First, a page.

I have given up my squirrel war. I now embrace God’s creatures. I have three bird feeders: finches, large birds (sunflower seeds) and one on the ground for the mourning doves with cracked corn. There is a squirrel feeder with peanuts and sunflower seeds.

I usually feed them all in the morning, and only enough so that they finish by dusk (when my little masked, rig-tailed friends come to visit). When is precious about the winter is that here in the north the raccoons are now hibernating. We haven’t seen one for a month or so. I keep the seeds outside in a metal can I inherited from my parent’s estate. Most of the time (spring and fall) I keep a big rock on it to keep the critters out. I learned that lesson last year as they gnawed off the bungie cords and dove into the large can. In the morning I found the can upended, with seeds EVERYWHERE.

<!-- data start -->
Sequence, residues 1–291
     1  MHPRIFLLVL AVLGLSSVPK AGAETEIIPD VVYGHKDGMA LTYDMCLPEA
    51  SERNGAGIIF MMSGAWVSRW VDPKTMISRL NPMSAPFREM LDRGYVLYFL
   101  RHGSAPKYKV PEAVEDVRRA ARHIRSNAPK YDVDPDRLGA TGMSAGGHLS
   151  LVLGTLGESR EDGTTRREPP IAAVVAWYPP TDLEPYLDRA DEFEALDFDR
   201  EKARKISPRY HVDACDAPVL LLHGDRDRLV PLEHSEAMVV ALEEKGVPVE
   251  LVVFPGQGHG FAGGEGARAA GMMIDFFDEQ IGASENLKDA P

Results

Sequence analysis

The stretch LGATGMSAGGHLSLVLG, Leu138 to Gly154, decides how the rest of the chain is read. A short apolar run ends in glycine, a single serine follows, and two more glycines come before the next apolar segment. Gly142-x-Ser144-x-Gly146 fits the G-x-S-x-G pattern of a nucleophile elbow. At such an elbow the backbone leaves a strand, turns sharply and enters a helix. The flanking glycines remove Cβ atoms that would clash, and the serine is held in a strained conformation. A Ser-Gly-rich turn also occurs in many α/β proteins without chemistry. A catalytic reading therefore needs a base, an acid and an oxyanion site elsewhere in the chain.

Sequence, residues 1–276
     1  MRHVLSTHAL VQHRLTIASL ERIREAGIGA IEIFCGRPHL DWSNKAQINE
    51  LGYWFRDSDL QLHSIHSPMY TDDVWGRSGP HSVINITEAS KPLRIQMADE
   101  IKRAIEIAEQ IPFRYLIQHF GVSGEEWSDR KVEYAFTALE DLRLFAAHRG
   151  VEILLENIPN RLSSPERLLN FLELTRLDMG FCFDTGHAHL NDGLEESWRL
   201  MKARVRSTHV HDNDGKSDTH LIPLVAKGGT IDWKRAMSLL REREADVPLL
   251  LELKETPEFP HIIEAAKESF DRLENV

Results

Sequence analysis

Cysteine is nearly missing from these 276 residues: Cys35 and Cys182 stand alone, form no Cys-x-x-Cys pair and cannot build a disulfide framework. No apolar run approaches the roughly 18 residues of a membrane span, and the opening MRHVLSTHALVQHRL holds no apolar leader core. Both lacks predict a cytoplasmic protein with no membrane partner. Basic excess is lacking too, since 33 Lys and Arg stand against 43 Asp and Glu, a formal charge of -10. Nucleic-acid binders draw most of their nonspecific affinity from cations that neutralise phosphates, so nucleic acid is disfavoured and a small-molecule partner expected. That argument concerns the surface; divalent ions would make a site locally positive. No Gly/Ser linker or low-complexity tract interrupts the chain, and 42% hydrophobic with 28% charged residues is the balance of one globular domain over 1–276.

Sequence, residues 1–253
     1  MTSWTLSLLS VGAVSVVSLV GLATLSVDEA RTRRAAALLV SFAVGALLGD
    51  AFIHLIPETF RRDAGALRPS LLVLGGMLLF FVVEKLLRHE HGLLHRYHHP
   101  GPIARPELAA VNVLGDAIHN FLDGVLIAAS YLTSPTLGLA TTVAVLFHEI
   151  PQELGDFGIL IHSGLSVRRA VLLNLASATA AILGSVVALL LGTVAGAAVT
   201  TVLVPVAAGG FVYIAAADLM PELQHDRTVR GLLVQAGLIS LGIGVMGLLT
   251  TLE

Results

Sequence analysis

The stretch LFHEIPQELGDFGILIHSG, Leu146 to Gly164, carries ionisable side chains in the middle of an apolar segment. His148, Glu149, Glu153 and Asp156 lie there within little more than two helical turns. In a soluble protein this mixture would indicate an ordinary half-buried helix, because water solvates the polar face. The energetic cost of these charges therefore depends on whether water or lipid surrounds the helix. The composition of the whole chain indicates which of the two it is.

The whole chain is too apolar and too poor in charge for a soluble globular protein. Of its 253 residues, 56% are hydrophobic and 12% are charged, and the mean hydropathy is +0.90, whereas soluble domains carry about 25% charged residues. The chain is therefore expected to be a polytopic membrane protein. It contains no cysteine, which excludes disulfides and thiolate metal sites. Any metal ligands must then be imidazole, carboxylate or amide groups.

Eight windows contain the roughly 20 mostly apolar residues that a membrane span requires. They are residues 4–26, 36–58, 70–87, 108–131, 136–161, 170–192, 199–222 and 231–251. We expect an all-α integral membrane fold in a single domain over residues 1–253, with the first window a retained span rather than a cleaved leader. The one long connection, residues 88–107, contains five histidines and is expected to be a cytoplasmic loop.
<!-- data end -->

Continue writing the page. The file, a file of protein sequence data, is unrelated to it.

I have taken the rock off of the seed can with the varmints asleep. The squirrels, while getting fat on food, do not yet have the strength of opposable thumbs necessary to pry off the lid. The mice find nooks and crannies and I found one in the bottom of the can once. It’s little friend did not survive the cold. I keep the lid on much more tightly these days.

We love feeding the birds and have accepted all the critters for the beauty of nature and the cycle of life that they embody. What we haven’t seen in our little paradise are groundhogs! I do not miss them navigating new dens in my garden. We learn to get along with all the wildlife. The turkey vulture I felt badly about. I haven’t seen it back. It has a job to do, though, keeping the road kill cleaned up. I wonder what it subsists on now?

Rain & Snow

It appears that the weather is quite changeable. From rain, and melting snow, a beautiful sunset, to freezing rain, to blowing snow in 24 hours. The ice is still quite thin with all the rain and above zero temperatures. In two days we go from this:

to this:
The sunsets are gorgeous.

Saturday 22 December 2007

shovelling the cottage roof